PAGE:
So there are 3 things to be done when updating this data using the Entity Framework

  1. Look for items present in the newlist and missing in the oldlist, these items are to be added. The item “Car” in this example.
  2. Look for items present in the oldlist and missing in the newlist, these items are to be removed. The item “Bike” in this example.
  3. And finally the items that are present in both the list. The item “Home” in this example, is to be untouched.


The following code uses ExceptBy extension method to compare two lists and return based on the key passed to it.

public void UpdateEmployeeAssests(int employeeId, List<EmpAssets> updatedAssests)
    using (var context = new SampleDbEntities())
        List<EmpAssets> oldAssests = context.EmpAssets.Where(x => x.EmployeeId == employeeId).ToList();

        List<EmpAssets> addedAssests = updatedAssests.ExceptBy(oldAssests, x => x.CityId).ToList();
        List<EmpAssets> deletedAssests = oldAssests.ExceptBy(updatedAssests, x => x.CityId).ToList();

        deletedAssests.ForEach( x => context.Entry(x).State = EntityState.Deleted);
        addedAssests.ForEach(x => context.Entry(x).State = EntityState.Added);



Validation summary with custom message for each field in Angular JS

It is a common requirement to list down all the validation errors of a form in one place, however when using Angular, this gets a little tricky to do it the “Angular Way”.

1. Showing validation summary of the form

    <li ng-repeat="(key, errors) in form1.$error track by $index"> <strong>{{ key }}</strong> errors
            <li ng-repeat="e in errors">{{ e.$name }} has an error: <strong>{{ key }}</strong>.</li>

Screenshot : This can be demoed here – http://plnkr.co/edit/05oDTf?p=preview

enter image description here

2. Showing Errors next to input fields

<form name="userForm" ng-submit="submitForm()" novalidate>
 <div class="form-group" ng-class="{ 'has-error' : userForm.name.$invalid && !userForm.name.$pristine }">
   <input type="text" name="name" class="form-control" ng-model="user.name" required>
   <p ng-show="userForm.name.$invalid && !userForm.name.$pristine" class="help-block">You name is required.</p>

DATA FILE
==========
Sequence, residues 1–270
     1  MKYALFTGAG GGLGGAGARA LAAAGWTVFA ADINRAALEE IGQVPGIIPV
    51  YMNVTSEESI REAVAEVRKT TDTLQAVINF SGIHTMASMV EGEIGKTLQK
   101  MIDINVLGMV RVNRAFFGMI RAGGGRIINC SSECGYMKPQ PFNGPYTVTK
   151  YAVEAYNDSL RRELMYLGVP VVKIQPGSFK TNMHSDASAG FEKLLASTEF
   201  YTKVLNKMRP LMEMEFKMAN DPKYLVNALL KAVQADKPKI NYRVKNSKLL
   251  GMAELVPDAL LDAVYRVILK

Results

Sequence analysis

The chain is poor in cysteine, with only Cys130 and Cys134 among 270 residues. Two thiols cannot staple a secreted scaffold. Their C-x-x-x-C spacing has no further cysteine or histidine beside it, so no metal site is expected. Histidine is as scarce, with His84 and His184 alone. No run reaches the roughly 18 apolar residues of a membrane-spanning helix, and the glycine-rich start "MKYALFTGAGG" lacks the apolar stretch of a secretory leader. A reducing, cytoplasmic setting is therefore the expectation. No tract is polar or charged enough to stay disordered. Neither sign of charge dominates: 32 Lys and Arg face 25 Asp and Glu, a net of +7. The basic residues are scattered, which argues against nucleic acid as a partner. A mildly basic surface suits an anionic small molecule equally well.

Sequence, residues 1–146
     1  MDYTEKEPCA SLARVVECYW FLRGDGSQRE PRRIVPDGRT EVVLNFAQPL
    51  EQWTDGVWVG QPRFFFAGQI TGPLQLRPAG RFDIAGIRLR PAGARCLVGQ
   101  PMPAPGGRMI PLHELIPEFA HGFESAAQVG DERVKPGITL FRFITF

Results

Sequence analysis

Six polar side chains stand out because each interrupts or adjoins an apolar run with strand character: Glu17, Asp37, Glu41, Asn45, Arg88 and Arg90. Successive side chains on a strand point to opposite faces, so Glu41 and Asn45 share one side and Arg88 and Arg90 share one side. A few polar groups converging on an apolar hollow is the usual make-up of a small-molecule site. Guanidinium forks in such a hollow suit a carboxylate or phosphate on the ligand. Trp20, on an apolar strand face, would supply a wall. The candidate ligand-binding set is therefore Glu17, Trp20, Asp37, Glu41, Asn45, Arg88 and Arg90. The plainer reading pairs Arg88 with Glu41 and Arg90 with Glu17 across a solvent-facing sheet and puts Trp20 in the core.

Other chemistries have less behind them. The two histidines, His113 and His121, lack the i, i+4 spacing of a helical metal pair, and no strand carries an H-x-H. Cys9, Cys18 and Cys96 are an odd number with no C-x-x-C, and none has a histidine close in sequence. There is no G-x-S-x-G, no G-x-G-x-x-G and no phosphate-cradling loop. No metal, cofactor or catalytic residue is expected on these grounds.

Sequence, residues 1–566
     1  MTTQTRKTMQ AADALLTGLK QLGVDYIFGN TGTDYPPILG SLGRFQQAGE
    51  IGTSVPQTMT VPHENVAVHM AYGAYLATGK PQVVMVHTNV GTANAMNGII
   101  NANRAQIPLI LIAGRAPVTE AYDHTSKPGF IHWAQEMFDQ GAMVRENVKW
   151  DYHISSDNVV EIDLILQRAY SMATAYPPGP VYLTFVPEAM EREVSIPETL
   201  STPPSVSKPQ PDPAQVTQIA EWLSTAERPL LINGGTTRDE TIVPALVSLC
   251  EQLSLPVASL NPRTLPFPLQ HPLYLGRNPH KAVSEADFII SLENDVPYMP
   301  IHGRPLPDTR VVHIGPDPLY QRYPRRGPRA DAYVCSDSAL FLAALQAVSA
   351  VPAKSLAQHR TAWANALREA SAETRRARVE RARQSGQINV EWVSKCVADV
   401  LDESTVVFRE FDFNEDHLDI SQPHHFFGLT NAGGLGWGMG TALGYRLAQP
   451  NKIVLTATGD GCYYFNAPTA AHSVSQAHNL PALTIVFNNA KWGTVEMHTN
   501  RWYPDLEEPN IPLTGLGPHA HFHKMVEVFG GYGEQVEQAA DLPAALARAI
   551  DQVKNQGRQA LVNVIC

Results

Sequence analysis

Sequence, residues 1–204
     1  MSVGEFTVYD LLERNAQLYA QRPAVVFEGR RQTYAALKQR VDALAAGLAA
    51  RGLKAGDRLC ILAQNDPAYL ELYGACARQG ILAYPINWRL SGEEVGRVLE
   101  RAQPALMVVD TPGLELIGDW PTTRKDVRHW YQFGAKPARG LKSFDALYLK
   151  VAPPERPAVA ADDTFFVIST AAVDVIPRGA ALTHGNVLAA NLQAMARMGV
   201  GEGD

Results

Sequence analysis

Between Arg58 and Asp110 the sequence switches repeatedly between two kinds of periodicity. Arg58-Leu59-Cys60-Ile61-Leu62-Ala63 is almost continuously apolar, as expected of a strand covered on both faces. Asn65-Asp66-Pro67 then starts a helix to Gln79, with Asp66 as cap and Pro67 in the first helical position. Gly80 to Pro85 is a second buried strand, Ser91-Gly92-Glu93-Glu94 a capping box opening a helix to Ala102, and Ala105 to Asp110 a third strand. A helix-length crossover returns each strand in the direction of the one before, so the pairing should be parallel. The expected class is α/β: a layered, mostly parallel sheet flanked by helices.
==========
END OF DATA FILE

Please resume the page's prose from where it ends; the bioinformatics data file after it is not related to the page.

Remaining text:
3. Disabling the form submit button, if any of the form input fields are invalid.

<button type="submit" class="btn btn-primary" ng-disabled="userForm.$invalid">Submit</button>


Injecting into Custom Validation or Authorization Attributes in ASP.NET MVC

Dependency Injection can be done when using Custom Validation or Authorization attributes in ASP.NET MVC. This can be achieved Ninject’s Property injection.

Here is an example of property injection. For a property to be injected it must be annotated with [Inject].

public class ZipCodeAttribute : ValidationAttribute
    public IZipCodeService ZipCodeService { get; set; }

    public override bool IsValid(object value)
        if (value == null)
            return true;

        if ((value is string) && string.IsNullOrEmpty((string)value))
            return true;

        var zipCode = Convert.ToInt32(value);
        return this.ZipCodeService.IsValidZipCode(zipCode);

More on “Injection of validators” can be read here.

How to get a list of all users when using ASP.NET Membership ?

ASP.NET Membership helps you manage user authentication for your websites. Its supports facilities to create user, assign roles, reset password and almost everything under the user management domain.

Its a common requirement to list down all the users using the ASP.NET Membership provider. Though ASP.NET Membership has a inbuilt MembershipProvider‘s MembershipUserCollection GetAllUsers(int pageIndex, int pageSize, out int totalRecords); method where you can pass pageIndex, pageSize using which paging also can be handled.